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 Posted: Sat Feb 14th, 2009 10:56 pm
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MaxSouthOz
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I accidentally hit SEND halfway through. I hope it all make sense!

Wear what you like darling, the fish net stockings and patent leather pumps always look good on you . . .



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 Posted: Sun Feb 15th, 2009 12:15 am
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henryparrot
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Great thread Max gives members a good insight into fitting sound decoders plus blowing your own sounds on aswell.

At present Here in the UK there arent any freely downloadable sounds available yet but i am sure in time there will be. I have read elwhere there are a number of US or european sounds which are very similar to some UK steam and diesal sounds that only an expert would tell the differance.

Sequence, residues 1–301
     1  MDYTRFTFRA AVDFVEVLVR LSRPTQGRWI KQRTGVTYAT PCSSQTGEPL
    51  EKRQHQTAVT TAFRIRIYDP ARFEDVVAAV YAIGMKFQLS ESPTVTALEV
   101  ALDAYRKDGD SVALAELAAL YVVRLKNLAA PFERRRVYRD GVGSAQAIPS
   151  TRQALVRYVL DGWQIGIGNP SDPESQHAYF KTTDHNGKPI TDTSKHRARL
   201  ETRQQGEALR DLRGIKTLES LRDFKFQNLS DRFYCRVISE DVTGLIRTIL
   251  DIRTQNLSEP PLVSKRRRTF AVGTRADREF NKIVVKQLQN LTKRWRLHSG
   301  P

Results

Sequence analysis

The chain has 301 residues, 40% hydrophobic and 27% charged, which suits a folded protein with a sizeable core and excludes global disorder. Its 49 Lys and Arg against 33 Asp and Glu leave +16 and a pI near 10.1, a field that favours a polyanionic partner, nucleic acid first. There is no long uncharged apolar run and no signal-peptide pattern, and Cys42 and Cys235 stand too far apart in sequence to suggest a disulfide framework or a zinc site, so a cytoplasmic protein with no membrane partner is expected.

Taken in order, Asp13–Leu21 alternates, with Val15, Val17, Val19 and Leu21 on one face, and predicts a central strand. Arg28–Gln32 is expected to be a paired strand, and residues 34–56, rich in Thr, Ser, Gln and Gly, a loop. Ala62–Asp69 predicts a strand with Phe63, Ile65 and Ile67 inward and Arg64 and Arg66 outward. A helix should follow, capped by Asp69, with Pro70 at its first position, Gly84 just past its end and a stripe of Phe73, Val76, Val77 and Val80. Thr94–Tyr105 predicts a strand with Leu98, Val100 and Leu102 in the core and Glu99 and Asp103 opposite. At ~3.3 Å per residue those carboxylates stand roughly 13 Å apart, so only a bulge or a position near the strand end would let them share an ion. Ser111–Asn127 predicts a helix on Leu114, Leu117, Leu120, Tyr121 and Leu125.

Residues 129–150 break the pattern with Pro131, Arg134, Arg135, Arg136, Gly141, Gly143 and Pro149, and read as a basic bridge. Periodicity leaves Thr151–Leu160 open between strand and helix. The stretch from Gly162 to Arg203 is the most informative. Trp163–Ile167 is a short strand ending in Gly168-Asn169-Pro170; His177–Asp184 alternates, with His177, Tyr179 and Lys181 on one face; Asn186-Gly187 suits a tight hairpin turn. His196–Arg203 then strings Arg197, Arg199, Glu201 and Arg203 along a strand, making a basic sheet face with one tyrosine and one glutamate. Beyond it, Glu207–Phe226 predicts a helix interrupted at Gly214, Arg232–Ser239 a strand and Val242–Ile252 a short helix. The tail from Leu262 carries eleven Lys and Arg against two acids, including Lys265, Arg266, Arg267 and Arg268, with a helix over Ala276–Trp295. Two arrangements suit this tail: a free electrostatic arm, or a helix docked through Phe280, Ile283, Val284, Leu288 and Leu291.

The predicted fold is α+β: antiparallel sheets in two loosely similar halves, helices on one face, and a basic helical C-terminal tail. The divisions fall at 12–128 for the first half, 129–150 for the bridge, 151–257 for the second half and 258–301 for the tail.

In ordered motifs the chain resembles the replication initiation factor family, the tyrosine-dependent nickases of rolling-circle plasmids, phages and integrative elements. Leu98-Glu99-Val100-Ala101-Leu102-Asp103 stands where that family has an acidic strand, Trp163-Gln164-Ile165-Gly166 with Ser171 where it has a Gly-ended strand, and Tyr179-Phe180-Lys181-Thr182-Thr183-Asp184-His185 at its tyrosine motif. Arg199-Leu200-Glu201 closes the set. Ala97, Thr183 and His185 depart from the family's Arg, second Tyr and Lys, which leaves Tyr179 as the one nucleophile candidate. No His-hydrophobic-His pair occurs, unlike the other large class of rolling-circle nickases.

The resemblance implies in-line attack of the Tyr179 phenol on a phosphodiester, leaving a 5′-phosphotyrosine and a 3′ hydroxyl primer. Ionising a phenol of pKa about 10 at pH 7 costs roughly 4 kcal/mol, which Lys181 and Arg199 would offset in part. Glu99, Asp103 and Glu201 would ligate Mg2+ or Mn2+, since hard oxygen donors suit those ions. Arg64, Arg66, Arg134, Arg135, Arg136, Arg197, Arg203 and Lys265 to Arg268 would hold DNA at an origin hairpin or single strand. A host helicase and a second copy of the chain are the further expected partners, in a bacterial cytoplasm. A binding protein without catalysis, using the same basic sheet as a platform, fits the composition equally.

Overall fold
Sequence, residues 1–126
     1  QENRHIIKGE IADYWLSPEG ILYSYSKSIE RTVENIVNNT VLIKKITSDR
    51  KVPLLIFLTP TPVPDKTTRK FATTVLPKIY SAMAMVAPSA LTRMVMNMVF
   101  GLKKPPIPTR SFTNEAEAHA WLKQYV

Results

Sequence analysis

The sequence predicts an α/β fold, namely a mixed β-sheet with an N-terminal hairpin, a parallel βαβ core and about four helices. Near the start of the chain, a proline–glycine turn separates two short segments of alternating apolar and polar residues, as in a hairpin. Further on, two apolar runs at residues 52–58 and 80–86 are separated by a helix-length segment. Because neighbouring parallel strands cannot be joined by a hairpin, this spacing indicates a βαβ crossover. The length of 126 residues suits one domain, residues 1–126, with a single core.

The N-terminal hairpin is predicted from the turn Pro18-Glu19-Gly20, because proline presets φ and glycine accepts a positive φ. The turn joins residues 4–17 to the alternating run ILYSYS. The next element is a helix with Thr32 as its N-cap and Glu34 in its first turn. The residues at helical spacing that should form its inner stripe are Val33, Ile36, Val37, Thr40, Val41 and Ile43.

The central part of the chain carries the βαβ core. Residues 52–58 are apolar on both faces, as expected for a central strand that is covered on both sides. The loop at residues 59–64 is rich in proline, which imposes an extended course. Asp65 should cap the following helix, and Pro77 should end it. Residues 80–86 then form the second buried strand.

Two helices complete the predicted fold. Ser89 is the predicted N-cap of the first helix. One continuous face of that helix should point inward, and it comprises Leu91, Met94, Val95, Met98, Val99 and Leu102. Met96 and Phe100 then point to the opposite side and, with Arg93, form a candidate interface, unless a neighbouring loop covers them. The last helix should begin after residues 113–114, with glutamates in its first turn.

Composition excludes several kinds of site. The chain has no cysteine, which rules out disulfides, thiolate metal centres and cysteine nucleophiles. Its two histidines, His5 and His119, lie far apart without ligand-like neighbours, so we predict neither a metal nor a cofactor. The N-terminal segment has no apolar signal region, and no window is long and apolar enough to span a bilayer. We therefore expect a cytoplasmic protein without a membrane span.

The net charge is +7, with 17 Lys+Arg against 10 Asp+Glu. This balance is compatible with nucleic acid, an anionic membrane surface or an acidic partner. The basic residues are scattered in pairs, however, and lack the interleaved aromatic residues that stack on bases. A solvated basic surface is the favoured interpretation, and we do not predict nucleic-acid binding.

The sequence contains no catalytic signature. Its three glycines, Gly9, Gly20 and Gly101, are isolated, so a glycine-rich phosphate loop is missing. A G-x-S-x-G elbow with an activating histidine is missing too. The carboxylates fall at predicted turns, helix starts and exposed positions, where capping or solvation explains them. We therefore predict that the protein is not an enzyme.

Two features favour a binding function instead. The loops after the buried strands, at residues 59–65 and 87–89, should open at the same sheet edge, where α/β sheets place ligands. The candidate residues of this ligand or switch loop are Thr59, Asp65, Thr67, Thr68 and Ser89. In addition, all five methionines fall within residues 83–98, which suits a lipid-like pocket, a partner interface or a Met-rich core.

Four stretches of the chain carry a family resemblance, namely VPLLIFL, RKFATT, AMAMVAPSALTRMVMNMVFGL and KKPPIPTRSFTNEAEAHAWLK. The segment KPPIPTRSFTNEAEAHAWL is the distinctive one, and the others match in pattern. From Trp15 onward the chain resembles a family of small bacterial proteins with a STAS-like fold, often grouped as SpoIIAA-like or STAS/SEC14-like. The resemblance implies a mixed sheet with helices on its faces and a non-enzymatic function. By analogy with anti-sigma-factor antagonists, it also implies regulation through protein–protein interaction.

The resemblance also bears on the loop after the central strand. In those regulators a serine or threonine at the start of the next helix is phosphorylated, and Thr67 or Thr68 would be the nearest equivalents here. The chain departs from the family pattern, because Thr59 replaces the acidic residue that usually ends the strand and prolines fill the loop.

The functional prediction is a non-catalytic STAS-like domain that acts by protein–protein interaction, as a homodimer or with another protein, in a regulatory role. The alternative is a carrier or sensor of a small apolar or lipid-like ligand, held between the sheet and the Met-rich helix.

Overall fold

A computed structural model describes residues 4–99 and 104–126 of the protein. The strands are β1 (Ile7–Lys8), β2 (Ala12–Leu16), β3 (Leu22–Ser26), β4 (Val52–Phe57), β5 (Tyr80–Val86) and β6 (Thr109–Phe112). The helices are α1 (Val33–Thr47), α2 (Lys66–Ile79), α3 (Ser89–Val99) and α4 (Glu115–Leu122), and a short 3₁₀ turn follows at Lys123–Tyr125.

I think once you have a few sound locos it does make you realise it is a good addition to the hobby.

I actually sometimes just have a engine switched on idling as a background sound

I have a Class37 doing that at the moment

cheers Brian

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 Posted: Sun Feb 15th, 2009 05:28 am
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MaxSouthOz
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You are right, Brian.  I though I was the only one who does that.  My Berkshire is sitting here chuffing and panting away.  The ESU site has some euro sounds.  The Sulzer? is it engine in the Class 24 is there.  It might be worth a look for others.



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 Posted: Sun Feb 15th, 2009 08:25 am
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henryparrot
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Max i am not alone then in having a model engine as background noise instead of music then:lol::lol: